What Can I Eat?
It never occurred to me when I was diagnosed with COPD how much it would affect my diet and eating habits. I have been lucky in that I don’t have food allergies and I enjoy most foods. For a few years, what or how much I ate didn’t seem to bother me. Gradually, I noticed getting more shortness of breath after dinner, along with feeling bloated.
I love carbs! Is there anyone that doesn’t? Rice, pasta, bread - they are my favorites. How many of us go to Italian restaurants for dinner, eat a big plate of spaghetti and a plate of Italian bread and butter? If I do that now, I would not be able to breathe well for the remainder of the day. Imagine my dismay to discover carbohydrates are not our friend. What? How dare they?
According to the Cleveland Clinic, "Metabolism of carbohydrates produces the most carbon dioxide for the amount of oxygen used; metabolism of fat produces the least. For some people with COPD, eating a diet with fewer carbohydrates and more fat helps them breathe easier.”1
What foods and how much?
I began lowering my carbohydrate intake and reading labels. I am diabetic so I am used to tracking them, but I became more aware of which foods affected my breathing and which didn’t. Some foods cause more gas and gas seemed to be getting trapped more, causing pain around the ribs. Keeping a food journal helped me learn what to avoid and what to cut back on. Our bodies are all different, so are our digestive systems. Some foods that can cause gas and bloat are carbonated beverages, foods that are spicy or fried, heavy cream sauces, broccoli, cabbage, Brussels sprouts, legumes, and onions. Some of these may not bother you, and there may be others that do.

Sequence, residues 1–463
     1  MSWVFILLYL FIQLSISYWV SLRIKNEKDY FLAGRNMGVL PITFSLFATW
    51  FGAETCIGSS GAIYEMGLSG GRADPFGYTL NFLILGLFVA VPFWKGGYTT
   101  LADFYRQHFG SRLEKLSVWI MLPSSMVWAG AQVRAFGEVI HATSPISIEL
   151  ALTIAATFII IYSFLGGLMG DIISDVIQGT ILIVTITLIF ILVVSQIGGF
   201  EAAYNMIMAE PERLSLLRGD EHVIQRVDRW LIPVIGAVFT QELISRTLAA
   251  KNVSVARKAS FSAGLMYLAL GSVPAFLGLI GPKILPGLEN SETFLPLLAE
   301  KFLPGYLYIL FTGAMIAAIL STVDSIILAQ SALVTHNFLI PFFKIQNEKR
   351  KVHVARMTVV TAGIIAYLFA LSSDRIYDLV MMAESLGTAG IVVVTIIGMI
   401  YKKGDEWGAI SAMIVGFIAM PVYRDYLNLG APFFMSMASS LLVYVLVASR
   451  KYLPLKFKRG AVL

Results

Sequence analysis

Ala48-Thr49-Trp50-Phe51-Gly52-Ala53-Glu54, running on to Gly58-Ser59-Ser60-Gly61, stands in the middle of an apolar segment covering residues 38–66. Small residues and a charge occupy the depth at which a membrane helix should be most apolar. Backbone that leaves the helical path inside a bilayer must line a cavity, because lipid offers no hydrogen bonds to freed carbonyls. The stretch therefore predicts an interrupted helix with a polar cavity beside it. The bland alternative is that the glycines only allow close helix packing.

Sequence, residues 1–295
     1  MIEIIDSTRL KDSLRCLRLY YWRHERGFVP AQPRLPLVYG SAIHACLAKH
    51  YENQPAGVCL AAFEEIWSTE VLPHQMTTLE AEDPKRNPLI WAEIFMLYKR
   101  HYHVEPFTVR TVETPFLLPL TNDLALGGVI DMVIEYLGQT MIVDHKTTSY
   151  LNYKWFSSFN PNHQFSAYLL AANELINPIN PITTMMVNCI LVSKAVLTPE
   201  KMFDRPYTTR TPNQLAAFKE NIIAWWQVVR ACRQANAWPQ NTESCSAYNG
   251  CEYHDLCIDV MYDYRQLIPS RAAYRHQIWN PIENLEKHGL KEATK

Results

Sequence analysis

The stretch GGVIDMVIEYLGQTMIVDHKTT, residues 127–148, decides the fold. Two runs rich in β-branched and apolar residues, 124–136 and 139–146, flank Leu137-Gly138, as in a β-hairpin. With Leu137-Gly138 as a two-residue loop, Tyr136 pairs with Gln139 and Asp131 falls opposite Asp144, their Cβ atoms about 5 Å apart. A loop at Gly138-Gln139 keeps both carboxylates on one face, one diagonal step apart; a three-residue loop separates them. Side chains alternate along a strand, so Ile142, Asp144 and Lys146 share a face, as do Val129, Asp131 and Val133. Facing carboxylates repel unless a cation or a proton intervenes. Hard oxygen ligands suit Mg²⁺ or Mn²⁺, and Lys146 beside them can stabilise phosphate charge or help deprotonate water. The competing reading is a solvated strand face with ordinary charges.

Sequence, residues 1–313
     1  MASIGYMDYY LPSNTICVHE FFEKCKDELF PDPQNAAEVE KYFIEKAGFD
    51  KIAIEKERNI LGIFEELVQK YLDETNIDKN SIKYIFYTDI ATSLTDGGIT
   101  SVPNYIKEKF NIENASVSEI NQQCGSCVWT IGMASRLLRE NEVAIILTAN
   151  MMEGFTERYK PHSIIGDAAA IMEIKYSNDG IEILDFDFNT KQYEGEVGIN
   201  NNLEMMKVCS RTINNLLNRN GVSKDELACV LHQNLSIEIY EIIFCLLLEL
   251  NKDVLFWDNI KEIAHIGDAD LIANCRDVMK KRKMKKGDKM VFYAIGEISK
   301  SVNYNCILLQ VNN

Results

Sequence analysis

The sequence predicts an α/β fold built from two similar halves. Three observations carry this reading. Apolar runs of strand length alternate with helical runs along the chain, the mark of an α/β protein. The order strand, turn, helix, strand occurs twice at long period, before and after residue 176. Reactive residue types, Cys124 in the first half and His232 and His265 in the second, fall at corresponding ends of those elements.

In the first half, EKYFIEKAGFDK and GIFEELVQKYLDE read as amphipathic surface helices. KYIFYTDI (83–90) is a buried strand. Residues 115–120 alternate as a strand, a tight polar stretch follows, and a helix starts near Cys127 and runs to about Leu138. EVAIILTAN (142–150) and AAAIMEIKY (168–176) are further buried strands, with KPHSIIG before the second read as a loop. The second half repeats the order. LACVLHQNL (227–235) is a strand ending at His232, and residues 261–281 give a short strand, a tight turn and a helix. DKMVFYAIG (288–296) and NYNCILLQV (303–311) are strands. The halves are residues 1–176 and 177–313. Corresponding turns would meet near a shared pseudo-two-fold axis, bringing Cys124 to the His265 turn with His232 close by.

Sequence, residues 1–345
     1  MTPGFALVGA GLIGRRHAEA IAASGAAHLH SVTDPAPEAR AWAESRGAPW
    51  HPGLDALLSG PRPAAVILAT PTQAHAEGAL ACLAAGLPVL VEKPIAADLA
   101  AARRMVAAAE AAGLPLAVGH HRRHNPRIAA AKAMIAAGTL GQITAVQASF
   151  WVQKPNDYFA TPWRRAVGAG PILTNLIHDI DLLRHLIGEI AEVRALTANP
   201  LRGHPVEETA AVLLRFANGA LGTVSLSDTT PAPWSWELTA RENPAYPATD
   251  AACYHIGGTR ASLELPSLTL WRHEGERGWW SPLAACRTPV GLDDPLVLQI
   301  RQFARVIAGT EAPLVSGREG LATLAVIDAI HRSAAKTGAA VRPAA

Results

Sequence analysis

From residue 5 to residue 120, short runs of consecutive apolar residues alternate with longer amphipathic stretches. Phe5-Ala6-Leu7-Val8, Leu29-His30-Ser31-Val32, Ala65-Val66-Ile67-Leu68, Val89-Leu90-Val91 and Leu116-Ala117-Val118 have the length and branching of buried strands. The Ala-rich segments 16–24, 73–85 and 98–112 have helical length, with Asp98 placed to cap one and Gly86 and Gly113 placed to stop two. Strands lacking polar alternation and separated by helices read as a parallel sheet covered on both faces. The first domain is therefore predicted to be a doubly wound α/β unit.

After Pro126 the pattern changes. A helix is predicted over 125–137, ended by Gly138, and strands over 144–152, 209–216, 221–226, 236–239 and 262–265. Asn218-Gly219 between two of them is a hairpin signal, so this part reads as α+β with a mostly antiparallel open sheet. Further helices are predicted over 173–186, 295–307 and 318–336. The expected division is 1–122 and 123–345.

The Cleveland Clinic suggests the following for eating:1
- Eat slowly
- Take small bites
- Chew your food
- Eat small meals
- Drinking at the end of meals
- Eat while sitting up
- Don't talk while eating - focus on one thing at a time
Weight fluctuation and food
If you are trying to gain weight, eat higher calorie meals or snacks. Peanut butter, yogurt with granola, puddings or custard and smoothies with fruits and ice cream. A smoothie made from one cup whole milk, one envelope breakfast drink and a scoop of ice cream is delicious.
If you are trying to lose weight like I am, then watching calorie intake is important. I use a peddler for exercise three to four times per week and it shows me the calories burned. That’s always fun to see!
Eat a healthy diet
The important thing is to eat a healthy diet. Eat lean protein, vegetables and whole grains for fiber. Read labels for proper serving sizes when counting calories, fats or carbohydrates. Some of you might have dietary restrictions that must be followed. Learn what foods work best for you.
What is most difficult for you concerning food and COPD? Do you have restrictions or keep a food diary? I would love to hear from the community on this topic.
Do you live with any sleep disorders (eg. insomnia, RLS, sleep apnea) in addition to COPD?